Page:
“That's certainly not the way that we do things,” Toure says. “We don't allow the police to be the judge, jury and executioner. And whatever you say George Floyd did in the past, Derek Chauvin's record is worse, because he's a murderer.”
Based on the video evidence, it’s patently obvious Chauvin wasn’t concerned for his own safety.
“He clearly was cool, calm and collected,” Danielle points out. “He wasn't even concerned about the safety of his fucking sunglasses on top of his head.”
The notion that a police officer can say I fear for my life –– “when you're the one who has a gun and are trained, and the rest of us who are unarmed are supposed to somehow remain calm, cool and collected when you've gone through training … It's fucking ridiculous,” she adds.
“But we place that on Black people all the time.”
The most toxic thing in the Chauvin trial? Racism
As the trial goes on, we expect the defense to use the medical examiner’s autopsy as another way to sully Floyd while suggesting Chauvin isn’t culpable.
Floyd had a number of underlying health conditions, including heart disease, hypertension, sickle cell trait and COVID-19, but one of them was found to be the cause of his death. Toxicology tests were positive for several drugs, none of which were lethal in this case either.
However, the presence of fentanyl in George Floyd's body will “surely” be brought up to create doubt, says Toure.
“I don't think it makes any sense. We'll see if this jury will fall for it.”
Given that the drugs weren’t the cause of death, Danielle sees the toxicology angle as a racial insult as well.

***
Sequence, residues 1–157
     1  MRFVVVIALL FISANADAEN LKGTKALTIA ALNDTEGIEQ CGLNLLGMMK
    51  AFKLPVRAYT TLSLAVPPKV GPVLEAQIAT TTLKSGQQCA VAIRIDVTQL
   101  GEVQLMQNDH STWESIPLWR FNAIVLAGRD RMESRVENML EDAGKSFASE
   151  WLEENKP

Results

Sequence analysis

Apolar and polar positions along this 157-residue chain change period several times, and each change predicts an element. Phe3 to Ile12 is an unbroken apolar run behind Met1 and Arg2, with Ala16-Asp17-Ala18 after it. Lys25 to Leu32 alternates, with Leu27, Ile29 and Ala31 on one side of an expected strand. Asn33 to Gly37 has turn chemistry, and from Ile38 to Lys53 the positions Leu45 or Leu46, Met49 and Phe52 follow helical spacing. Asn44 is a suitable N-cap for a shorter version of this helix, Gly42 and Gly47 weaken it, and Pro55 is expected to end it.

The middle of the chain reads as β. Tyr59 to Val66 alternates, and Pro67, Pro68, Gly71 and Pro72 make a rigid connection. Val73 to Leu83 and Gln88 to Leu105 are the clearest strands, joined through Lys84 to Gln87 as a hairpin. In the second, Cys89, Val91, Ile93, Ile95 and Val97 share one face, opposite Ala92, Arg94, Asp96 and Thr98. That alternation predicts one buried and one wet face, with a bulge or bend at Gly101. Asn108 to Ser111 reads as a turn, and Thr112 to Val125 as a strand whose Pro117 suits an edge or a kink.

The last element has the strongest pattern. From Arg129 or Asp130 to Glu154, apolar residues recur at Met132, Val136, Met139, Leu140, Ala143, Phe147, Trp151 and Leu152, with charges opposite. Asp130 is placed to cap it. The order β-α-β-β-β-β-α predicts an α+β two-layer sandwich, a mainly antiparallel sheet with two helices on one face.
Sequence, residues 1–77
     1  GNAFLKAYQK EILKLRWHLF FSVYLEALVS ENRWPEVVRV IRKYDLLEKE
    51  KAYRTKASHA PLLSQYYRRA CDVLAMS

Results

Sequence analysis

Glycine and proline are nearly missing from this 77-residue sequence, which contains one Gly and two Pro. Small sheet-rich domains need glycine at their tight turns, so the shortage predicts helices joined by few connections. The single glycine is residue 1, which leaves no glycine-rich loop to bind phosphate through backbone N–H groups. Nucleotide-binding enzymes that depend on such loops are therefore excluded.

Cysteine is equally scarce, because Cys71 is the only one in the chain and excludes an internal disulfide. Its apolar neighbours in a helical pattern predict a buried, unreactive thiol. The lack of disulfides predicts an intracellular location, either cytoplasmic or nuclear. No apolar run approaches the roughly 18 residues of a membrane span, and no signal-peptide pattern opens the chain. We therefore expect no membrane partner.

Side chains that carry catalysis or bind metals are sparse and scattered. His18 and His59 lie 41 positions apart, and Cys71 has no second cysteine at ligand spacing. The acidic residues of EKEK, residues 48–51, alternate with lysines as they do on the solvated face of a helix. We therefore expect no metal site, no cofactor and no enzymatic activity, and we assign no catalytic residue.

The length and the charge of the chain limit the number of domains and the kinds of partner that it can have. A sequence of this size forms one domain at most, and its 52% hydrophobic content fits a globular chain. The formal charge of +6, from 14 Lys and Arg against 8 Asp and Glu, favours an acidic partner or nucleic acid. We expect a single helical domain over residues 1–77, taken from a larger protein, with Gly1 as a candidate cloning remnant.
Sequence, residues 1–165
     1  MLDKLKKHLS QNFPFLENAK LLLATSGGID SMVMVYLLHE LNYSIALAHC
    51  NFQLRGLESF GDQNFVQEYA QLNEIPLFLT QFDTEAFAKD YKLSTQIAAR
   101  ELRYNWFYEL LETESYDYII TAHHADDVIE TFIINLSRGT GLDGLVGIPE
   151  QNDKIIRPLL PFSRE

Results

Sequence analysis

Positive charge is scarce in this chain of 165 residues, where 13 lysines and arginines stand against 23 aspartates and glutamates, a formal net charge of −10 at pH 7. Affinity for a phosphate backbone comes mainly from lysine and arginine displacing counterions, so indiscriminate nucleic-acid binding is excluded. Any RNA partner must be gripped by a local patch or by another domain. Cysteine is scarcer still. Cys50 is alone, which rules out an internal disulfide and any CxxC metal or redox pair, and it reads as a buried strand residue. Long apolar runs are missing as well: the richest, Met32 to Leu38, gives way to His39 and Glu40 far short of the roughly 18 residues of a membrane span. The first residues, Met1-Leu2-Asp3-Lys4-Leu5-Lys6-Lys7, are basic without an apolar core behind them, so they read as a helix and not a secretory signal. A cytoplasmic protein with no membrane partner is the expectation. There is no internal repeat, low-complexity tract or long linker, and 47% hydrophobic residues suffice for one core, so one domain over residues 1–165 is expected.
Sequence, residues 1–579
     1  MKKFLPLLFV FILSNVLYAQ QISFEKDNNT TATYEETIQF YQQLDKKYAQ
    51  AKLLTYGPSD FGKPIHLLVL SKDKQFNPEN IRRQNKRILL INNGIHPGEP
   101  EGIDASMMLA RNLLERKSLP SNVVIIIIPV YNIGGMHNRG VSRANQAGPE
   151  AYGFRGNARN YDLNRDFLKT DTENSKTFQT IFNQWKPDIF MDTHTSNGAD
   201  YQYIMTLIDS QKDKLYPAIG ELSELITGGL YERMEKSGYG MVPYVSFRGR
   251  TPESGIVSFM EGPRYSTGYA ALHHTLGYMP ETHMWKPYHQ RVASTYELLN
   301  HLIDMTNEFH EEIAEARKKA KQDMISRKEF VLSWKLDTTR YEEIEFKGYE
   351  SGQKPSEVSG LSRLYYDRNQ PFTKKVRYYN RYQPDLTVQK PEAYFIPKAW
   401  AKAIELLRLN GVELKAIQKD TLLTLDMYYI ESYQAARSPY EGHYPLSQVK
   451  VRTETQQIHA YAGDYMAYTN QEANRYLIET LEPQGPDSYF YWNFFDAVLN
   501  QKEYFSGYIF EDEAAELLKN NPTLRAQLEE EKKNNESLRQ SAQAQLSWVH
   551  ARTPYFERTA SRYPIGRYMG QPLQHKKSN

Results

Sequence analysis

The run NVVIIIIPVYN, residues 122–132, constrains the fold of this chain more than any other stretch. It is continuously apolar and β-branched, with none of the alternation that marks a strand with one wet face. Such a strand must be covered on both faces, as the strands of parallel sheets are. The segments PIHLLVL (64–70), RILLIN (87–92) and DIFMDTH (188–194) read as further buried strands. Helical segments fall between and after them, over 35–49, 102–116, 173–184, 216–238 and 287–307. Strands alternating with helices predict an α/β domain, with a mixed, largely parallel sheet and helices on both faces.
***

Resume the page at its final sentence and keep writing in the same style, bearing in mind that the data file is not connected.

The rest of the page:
“Frankly, if we're going to use drugs as a way to demonize people, maybe we want to look at white America's love affair with opioids,” she says. “That is a crisis, as compared to the crack epidemic, which was placed on Black people.”
‘Bouquet’ of bystanders: a handful, not a horde
“I didn’t realize until this week, listening to testimony, how many children were present, watching a man's life squeezed from him,” says Danielle.
“To watch … this bouquet of bystanders, as the prosecution referred to them, express such guilt and regret at not doing more ... I think to myself, what could you have done other than what you did, which was take out your phone and record?”
That’s because it was evident that anyone who might intervene would put themselves in danger. Chauvin shook his can of mace at the crowd even as an off-duty EMT bystander approached, in an attempt to give aid to Floyd.
The defense has revealed another facet of its strategy, too: “The officers were distracted,” says Toure.
“By an angry mob of children, one with a t-shirt that said love on it,” Danielle says.
That’s an argument that would fall apart quickly, considering there were “four or five people on the sidewalk, and three [officers] on top of this man's body,” Toure notes. “It's not like he went into cardiac arrest and they couldn’t pay attention to him because they were fighting off the horde.”
Justice by video… maybe
At this point, Toure thinks Chauvin will be convicted.
“Number one, the video is too much,” he says. “Most defendants don't have this level of graphic video to overcome. And his defense team offered a deal in which we would do 10 years. Clearly they think that’s less than they would get going to trial. That tells me they're not confident, given the evidence in front of them, that they're going to be able to beat this.”
Obviously, Toure is painfully aware of “the history and the difficulty of convicting police officers. But this one has this unique situation, this very clear video of a slow killing, done in front of many, many citizens.”
Danielle agrees that the defense’s case is “flimsy at best.”